A few weeks ago I went to the dentist for a cleaning. For the first time in--Well, let's just say I've missed the last, oh, twenty cleanings. You do the math.
My saving grace with my teeth is that I am very, very meticulous about brushing and flossing (so as not to HAVE TO go to the dentist, of course)! But I knew that with all my efforts, it was time to go have a professional take a look.
I'll admit, I was more terrified to go for a dental cleaning than I was to give birth. Seriously! Sure, I was worried about pain and the sound of the drill and being told every tooth would need a root canal.
But the number one reason I was scared to go back was that I was sure I would be chastised and judged for being away so long.
Oh, I had my reasons for not going--no dental insurance for part of the time, and a history of being yelled at by the hygienist as a child. Good times. So either I couldn't go, or I had legitimate reasons for not wanting to go. It just got to the point that staying away somehow felt easier than returning.
And I was sure they'd make me feel rejected. They'd see me as a patient, of course, but really, why wouldn't they--Surely after so many years away I was sure I had, as they call it, "Lottery Mouth." But they'd judge me, I was certain. They'd smile their (shiny white perfectly veneered) smiles at me but inside would wonder how on earth I could stay away so long.
I felt like the Prodigal Patient.
I thought back to the son Jesus described to His disciples who had asked his own father for his portion of the inheritance, only to go off, live a wild life, and fritter it all away until he was penniless. To get by, he fed pigs and found himself eating out of the feeding trough because he was so famished. He wanted to return home, but surely questioned how warm the reception would be for someone like himself. Finally, he headed home, fully prepared to beg his father for a servant's job in the home. But while he was still a long way off, his father (who had been watching for him) saw him and went running. Running. He plowed into his boy with the warmest embrace. He brought him home, called for a celebration feast with the best meat and a ring for the son who had willingly left him. Such celebration for the one who was long gone, but had finally come home.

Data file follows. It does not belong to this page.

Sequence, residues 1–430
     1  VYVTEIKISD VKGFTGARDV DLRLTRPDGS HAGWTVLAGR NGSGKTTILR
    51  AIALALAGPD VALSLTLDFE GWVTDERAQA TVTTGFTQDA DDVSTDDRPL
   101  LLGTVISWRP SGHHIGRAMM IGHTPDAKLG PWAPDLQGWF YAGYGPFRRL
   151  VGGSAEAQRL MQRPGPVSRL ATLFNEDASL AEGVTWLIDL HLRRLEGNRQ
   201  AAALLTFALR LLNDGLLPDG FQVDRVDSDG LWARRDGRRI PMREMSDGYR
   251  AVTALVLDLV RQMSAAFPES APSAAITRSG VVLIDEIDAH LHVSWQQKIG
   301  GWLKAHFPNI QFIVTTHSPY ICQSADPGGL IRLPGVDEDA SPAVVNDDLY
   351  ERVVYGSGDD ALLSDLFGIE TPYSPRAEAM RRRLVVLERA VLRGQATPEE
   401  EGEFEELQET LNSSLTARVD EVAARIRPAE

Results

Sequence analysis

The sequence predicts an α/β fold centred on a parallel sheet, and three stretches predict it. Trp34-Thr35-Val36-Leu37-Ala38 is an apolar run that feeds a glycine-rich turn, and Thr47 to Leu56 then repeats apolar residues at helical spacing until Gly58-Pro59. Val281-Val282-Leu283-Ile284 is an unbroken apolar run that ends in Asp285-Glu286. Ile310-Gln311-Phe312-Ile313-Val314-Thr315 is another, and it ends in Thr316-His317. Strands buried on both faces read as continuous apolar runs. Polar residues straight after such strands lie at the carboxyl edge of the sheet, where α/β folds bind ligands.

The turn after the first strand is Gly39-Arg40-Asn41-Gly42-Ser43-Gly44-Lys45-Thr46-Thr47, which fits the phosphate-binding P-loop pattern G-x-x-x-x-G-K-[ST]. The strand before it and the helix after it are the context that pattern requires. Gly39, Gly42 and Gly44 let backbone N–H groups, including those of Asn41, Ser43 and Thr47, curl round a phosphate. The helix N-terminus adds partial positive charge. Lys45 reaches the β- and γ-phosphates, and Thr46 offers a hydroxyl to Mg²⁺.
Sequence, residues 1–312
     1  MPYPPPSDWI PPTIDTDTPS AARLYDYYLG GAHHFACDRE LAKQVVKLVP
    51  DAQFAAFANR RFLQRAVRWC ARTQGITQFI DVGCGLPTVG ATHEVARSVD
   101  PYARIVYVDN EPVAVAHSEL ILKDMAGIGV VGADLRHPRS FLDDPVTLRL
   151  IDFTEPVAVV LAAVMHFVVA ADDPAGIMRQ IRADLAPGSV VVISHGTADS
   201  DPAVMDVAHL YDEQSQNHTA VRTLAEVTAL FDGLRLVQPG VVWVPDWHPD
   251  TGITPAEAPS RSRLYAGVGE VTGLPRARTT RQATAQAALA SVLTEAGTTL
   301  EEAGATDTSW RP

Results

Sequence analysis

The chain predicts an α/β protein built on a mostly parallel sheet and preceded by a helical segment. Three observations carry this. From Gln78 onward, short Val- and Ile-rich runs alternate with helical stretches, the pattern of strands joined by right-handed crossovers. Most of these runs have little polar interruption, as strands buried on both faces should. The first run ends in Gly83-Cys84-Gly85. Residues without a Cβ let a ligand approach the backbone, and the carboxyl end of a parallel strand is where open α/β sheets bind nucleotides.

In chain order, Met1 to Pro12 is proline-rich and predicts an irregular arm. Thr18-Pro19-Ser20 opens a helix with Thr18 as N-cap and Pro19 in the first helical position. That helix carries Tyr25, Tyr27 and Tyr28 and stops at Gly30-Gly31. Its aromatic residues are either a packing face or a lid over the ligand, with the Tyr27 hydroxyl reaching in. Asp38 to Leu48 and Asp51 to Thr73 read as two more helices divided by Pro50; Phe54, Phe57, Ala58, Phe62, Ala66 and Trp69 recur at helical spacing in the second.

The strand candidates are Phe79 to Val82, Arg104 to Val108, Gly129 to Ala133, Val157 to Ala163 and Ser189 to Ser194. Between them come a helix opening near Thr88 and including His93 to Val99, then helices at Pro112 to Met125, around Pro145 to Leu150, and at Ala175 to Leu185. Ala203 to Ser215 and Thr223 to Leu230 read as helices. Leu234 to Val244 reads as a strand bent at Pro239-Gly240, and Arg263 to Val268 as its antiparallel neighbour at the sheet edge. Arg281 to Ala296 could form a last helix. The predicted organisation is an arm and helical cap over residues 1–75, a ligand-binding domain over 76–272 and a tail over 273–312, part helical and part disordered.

When I arrived at the dentist's office a few weeks ago, I was met with warmth and understanding. Nobody seemed to condemn me for being away so long. The hygienist just said, "We're just glad you're here today."
Grace, grace, grace. I had to smile.
Yes, I have a few cavities. But the report wasn't nearly as bad as I thought it would be (maybe my floss addiction might not be a bad thing). There's some work to be done. But I was shown grace.
How desperately we need grace. We willingly leave and do our own thing, and mess up in epic ways. We knowingly chase a life we were never meant to have and refuse the things that will introduce us to the Living God. We want what we want from Him, but we don't want Him.
But then one day, we find ourselves broken, penniless, and shoveling pig slop into our mouths. We realize we could have so much more, if only as His servant. But He's watching, waiting for our return. He's got His running shoes on, ready to race out and meet us on the return trip home. He has a fattened-calf feast and a robe and a ring in which He longs to adorn us.
"My child has returned!" Cheers and celebration all around. No condemnation. Just rejoicing over our return.
Grace, grace, grace.